This work will also extend to the content and location of study abroad programs. U.S. students have typically studied abroad in “traditional” locations such as the United Kingdom and Europe. Relatively few U.S. students have opportunities or choose to study in “non-traditional” locations, particularly low-income countries. Few of the programs in the traditional locations have explored the colonial legacies of the countries in which they are situated. It will be similarly important to build such content into programs in non-traditional locations, particularly countries that are former colonies.

NAFSA has long had a set of ethical principles. With my background in international research, I look forward to extending these principles to better reflect the ethical conduct guidelines of scholarly organizations such as the African Studies Association. In this vein, I am proud that the Advisory Council for the UW’s Office of Global Affairs has long articulated and recently updated a robust set of guidelines for global engagement.

The other domain of exciting, and overdue, work relates to sustainability. In the field of international education and in NAFSA, we have opportunities, and are challenged, to do much more to promote sustainability and address climate change. In the past, much of our focus was on international mobility of students and scholars. This will remain a core element of our work because in-person experiences can be uniquely impactful in building cross-cultural competence and understanding. Yet we know that many of the students, faculty and professional staff we serve are unable to travel across geographic borders, whether for reasons of finances, curricular barriers, or family commitments. We also know that international travel can involve a significant carbon footprint.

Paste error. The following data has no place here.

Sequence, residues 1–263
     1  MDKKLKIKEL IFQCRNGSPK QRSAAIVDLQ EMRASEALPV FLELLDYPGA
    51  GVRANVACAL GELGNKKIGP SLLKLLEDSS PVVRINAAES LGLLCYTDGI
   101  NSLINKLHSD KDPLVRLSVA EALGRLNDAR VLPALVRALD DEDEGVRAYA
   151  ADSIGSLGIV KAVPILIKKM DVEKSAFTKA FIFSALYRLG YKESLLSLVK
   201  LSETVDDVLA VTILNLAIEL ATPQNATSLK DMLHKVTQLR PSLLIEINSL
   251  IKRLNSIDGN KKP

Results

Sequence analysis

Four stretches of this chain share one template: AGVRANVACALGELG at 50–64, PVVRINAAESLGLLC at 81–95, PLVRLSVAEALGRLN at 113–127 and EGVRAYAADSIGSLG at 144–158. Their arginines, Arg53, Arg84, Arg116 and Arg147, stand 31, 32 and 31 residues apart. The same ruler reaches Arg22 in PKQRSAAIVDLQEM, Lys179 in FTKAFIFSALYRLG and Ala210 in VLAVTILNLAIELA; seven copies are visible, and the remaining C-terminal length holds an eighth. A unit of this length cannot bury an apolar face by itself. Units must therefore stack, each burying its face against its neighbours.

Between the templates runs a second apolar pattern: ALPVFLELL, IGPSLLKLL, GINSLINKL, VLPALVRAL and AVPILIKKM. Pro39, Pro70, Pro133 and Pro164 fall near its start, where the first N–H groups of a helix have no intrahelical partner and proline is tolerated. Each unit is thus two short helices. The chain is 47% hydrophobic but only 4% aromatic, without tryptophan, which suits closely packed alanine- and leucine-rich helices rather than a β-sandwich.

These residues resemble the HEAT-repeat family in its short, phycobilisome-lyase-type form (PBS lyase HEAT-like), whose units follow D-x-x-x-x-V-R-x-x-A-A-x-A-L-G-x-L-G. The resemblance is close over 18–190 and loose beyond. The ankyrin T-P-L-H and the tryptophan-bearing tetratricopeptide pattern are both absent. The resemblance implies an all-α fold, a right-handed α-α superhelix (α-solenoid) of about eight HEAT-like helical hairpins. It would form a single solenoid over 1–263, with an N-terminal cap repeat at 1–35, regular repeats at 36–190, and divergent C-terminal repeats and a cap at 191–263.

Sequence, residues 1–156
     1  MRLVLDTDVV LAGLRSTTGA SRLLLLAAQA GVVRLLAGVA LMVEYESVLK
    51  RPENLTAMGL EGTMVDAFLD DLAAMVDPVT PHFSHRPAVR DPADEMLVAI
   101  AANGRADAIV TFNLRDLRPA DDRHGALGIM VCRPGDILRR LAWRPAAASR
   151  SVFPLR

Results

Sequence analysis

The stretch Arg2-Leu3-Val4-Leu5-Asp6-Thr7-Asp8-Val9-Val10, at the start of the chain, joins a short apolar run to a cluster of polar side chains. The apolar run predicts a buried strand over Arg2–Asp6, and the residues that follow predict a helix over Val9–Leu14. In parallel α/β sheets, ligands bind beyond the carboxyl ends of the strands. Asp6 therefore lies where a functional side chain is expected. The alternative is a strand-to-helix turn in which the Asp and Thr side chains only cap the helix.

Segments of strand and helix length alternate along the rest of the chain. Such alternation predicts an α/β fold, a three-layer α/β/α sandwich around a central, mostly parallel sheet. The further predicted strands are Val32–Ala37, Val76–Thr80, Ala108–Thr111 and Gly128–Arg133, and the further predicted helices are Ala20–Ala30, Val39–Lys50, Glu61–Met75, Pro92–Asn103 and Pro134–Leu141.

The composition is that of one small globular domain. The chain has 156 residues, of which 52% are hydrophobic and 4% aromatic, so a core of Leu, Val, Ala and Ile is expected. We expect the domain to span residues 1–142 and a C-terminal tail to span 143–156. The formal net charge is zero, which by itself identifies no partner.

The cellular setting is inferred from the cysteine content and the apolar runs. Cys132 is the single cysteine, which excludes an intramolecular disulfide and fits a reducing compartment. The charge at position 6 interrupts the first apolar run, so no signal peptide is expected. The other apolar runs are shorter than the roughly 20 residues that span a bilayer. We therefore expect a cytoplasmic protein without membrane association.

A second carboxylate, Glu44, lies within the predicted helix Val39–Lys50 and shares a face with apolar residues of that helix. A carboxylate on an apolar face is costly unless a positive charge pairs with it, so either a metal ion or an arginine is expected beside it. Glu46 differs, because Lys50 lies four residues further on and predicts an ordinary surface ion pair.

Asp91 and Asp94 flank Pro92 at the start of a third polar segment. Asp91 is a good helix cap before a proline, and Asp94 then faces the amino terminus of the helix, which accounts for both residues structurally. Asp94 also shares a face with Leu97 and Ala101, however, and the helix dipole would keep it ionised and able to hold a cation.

The COVID-19 pandemic has prompted significant technological improvements that make it easier to imagine and to implement international education in a remote learning environment. The pandemic has accelerated initiatives in Cooperative Online International Learning and demonstrated the power and practicality of virtual international education, research, internships and community engagement. And technology has made it possible to significantly increase access, connecting students, faculty, guest speakers, and members of distant communities and doing so with less impact on our climate and natural resources.

We can also expand cross-cultural learning opportunities for our students (and our faculty and staff) by creating more “study away” programming, engaging local international heritage communities and indigenous communities in more intentional, respectful, and mutually beneficial ways.

In short, despite the many challenges, I am excited about the many opportunities for enhancing the field of international education and better serving NAFSA members and the students, faculty and professional staff we serve.